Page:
No one streaked thick black paint across their face. No one dove into dangerous water. There were no jets, no parachutes and no secret code names.
The rescue didn’t happen at sea, on a mountainside or at the scene of a fiery car crash.
The most important rescue of my life unfolded in a living room.
Thirty years ago, I attended a local congregation of The Church of Jesus Christ of Latter-day Saints in Charlottesville, Va. We were such a small group of young men that we often combined the three classes for Sunday instruction. In the Church, young men are divided into what are called Aaronic Priesthood quorums. They are Deacons (age 12-13), Teachers (age 14-15) and Priests (age 16-18).
Those around me during this time in my life knew that I struggled mightily with the illness and death of my father. The Sabbath was particularly difficult and I remember a stretch of several Sundays when I chose to stay home alone and wonder about the future.
On one of these hot, thick Sunday afternoons, I plopped in my father’s papasan chair and let the worry wash over me. The air was so humid my shirt stuck to my skinny frame and I don’t know what was more suffocating — the teen angst or the thick Virginia air.
I looked at the clock and imagined our sacrament service ending, then Sunday School and, finally, the start of our third-hour priesthood meeting. I silently wondered if anyone on heaven or earth would even notice I wasn’t there.
Suddenly, I was startled to hear a car crunching up our long, loud, gravel driveway. Our family lived just a few miles outside of town, but far enough in the country that we rarely heard our neighbors or traffic.
A minute passed and I’d convinced myself it was someone turning around when I heard footsteps on the noisy deck stairs. They grew louder and multiplied as they moved across the side of the house and toward the sliding glass door.
Then, one at a time, young familiar faces appeared — Robert Snow, Eber Cummings, J.P. Marshall and others. They slid open the heavy door and streamed into my family room. You could have driven their minivan through my gaping mouth.
Andy Huntley, one of the finest priesthood leaders I’ve ever known, followed them in the door and shook my hand.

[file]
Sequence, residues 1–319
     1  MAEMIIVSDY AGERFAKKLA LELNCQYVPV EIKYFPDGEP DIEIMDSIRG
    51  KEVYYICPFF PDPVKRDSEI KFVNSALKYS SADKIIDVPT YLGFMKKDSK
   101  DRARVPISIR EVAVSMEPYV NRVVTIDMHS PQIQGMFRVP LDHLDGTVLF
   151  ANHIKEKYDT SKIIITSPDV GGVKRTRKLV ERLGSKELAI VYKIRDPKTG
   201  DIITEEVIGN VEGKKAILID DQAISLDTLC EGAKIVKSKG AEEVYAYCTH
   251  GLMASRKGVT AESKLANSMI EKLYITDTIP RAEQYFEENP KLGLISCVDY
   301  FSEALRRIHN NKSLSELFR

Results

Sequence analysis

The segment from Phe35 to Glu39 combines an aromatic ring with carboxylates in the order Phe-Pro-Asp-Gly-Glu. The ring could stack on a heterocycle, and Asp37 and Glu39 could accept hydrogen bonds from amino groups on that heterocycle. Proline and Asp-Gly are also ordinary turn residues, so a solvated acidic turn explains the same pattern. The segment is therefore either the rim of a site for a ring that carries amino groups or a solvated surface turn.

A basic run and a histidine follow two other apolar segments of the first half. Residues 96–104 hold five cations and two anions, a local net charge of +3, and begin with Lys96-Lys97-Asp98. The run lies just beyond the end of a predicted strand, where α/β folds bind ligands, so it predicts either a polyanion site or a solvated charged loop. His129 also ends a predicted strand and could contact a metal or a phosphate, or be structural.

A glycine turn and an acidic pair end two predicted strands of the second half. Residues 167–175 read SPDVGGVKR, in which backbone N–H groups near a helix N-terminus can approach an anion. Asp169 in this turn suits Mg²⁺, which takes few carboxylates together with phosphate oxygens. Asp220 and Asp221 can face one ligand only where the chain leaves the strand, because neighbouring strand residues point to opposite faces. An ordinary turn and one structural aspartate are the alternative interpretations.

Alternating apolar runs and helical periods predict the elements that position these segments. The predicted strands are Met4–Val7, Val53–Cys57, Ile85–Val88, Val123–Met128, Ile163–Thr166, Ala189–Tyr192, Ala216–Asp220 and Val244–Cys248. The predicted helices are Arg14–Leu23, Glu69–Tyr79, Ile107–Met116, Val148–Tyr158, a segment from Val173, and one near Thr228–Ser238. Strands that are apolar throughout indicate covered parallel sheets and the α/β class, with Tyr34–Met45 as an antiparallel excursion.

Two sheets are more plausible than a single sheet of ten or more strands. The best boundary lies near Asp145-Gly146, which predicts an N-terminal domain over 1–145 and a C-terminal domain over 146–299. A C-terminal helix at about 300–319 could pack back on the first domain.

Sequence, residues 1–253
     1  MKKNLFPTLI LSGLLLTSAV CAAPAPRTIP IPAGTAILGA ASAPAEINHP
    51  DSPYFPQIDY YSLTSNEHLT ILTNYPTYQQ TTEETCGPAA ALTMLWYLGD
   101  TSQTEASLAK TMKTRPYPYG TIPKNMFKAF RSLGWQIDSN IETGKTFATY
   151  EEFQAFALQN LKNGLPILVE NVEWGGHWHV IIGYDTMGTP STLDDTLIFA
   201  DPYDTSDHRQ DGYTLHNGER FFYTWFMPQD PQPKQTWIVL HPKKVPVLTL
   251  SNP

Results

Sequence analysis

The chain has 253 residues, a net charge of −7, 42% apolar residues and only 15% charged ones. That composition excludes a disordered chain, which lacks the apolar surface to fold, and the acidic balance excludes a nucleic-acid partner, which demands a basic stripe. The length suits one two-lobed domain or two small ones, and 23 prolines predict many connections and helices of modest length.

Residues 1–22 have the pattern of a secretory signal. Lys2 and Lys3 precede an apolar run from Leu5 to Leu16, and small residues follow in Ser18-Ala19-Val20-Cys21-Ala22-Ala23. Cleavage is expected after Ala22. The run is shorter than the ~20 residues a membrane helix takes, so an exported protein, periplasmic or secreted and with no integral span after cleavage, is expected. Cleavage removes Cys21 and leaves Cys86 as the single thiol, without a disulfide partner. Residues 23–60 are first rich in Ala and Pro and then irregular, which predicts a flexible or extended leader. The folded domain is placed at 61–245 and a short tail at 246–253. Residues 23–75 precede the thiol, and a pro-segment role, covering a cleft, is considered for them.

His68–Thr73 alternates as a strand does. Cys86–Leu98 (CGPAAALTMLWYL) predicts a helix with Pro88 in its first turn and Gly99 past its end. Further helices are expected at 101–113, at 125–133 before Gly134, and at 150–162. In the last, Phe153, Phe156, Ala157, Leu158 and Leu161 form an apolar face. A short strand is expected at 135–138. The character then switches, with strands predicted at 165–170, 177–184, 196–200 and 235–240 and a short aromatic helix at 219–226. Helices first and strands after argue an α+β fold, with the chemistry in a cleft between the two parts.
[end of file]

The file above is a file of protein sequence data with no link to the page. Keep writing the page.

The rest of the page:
What he said was: “We’re here for a priesthood meeting.”
What I heard was: “We’re here for a rescue.”
After an opening prayer and some announcements, we discussed an upcoming Scouting activity and had a short message. I don’t recall the details, but I remember the unspoken lesson.
Before leaving, we knelt on my living room floor and someone offered a benediction. There was no special mention of me in the prayer and never any questions about where I’d been or what I was missing. There were no sermons and no preaching, just the simple message that I was missed.
As we said goodbye, a couple of them swatted at me playfully the way boys do and one of them dove in the papasan. We laughed as we pried him out.
Andy Huntley, the adviser who’d borrowed a van to get everyone there, shook my hand, looked me in the eye and said, “Hope to see you next Sunday.”
And he did.
Recently, I reconnected with Andy and his wonderful wife, Lisa, using social media. They are active, faithful members of a congregation in Centreville, Va. This week I thanked him for his rescue, some three decades too late, and asked what he remembered about the experience.
“I recall feeling that you needed to know that you had members of your quorum and patrol that understood you needed your space; and whatever else you needed — they were there. So, we decided in a quorum meeting to go check on you. Those were tender feelings expressed by young men that typically did not know how to so express themselves. All I did was provide transportation, really.”
His memory is crystal clear, at least until that last recollection. I assured him that his contribution was much more significant and eternal than simply driving the rescue van. Whether he knew it or not, his example that day taught that to rescue a brother, sometimes you’ve got to leave the church.
Perhaps such a real-time rescue isn’t realistic or appropriate in every ward or branch around the globe. A similar visit could happen after Sunday meetings, or on a weeknight, or in the morning hours before church services begin.
Exactly what the mission looks like isn’t important — especially to the lonely brother or suffering sister waiting on the other end. What matters most is that the rescue team shows up.
I often imagine that one day I might need a second kind of rescue, the one that requires black face paint, a life preserver, a brave fireman or a skilled doctor. But even if I do, I’m not sure it could ever surpass the first.
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